Did you know that the Social Security Administration offers online accounts that allow the public to view and track all that information that we used to receive once a year via a paper Social Security Statement that was delivered to our mailbox? The service is called “My Social Security,” and it can be a useful resource for retirement planning, income and contribution verification, benefits management, and identity protection.
One good reason to sign up for your “My Social Security” account is to prevent anyone else from trying to claim an account associated with your social security number. When you apply, you will have to validate your identity by answering questions generated from your history of legal transactions and credit relationships. Upon successful identity testing, you will receive an activation code to create your online account. For those of us who can’t remember what they ate for lunch, much less an old address or mortgage lender you haven’t used since the late 90’s … don’t worry, an account may also be opened by visiting your local SSA office in person.
Once an account is activated, people who are not yet collecting any benefits can keep track of earnings and track their estimated future retirement, disability, or survivor benefits. The Social Security Administration recommends that contributors review their posted earning once a year and verify for accuracy. When planning for retirement, keep in mind that the projected benefits are only estimates, based on future earnings continuing at the same rate as the last reported year, adjusted for average wage growth. The less stable your career path, and the earlier you start tracking your earnings history, the more fluctuation you should anticipate.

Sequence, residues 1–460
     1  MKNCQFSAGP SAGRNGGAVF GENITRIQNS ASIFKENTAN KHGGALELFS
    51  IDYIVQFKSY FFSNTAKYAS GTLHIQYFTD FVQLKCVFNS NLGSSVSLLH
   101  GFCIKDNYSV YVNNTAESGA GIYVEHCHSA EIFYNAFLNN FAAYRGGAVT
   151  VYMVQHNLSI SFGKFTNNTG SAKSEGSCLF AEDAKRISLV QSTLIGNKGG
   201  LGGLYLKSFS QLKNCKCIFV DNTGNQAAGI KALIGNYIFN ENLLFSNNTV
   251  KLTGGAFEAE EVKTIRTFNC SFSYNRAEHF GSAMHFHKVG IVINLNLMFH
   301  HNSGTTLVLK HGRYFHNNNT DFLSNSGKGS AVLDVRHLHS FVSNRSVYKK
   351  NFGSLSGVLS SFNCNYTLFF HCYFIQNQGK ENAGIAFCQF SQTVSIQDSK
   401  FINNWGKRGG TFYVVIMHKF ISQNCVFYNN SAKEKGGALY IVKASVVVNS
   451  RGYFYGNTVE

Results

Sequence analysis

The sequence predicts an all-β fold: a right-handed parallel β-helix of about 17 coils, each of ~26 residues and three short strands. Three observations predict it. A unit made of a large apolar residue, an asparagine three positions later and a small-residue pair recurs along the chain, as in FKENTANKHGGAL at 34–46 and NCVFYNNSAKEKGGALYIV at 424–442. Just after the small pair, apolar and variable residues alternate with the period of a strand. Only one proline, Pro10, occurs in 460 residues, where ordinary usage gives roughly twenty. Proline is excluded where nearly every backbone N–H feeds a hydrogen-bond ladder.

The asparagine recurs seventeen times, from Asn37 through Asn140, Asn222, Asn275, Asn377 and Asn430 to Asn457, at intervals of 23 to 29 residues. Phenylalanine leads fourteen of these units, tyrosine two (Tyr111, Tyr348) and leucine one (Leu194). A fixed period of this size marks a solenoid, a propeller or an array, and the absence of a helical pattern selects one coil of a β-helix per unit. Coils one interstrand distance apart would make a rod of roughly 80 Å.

Once you become eligible for benefits, your actual payment amount will be calculated on your top 35 years of earnings. The amounts of money you earned in previous years are indexed for inflation so that they can be effectively ranked along with your most recent earnings. Checking in once a year will help you formulate an increasingly accurate projection as you advance toward retirement age.
If you are already collecting benefits or have Medicare, you can use “My Social Security” to perform several administrative functions, such as accessing tax forms, updating address and phone numbers, managing direct deposit of payments, or request a replacement Medicare or Social Security card. Avoiding a trip to the local Social Security Administration office in person is a time-and-hassle saver we can all appreciate.
But what if, for whatever reason … you simply do NOT want to conduct any online business with the Social Security Administration? The best approach is to proactively BLOCK access to My Social Security. This is similar to putting a freeze on your credit reporting, and will ensure that nobody can come along without your knowledge to activate your account fraudulently. Blocking is especially recommended in cases of domestic violence or during times of contentious family conflict or divorce, because family members with intimate knowledge of your life and history are much more likely to be able to pass the self-identification testing than a stranger. You can always remove the block later on, if you decide to participate in online account management. So … if you have not already signed up for My Social Security, now is the time to make a choice about the online account waiting for you. Either claim it or block it!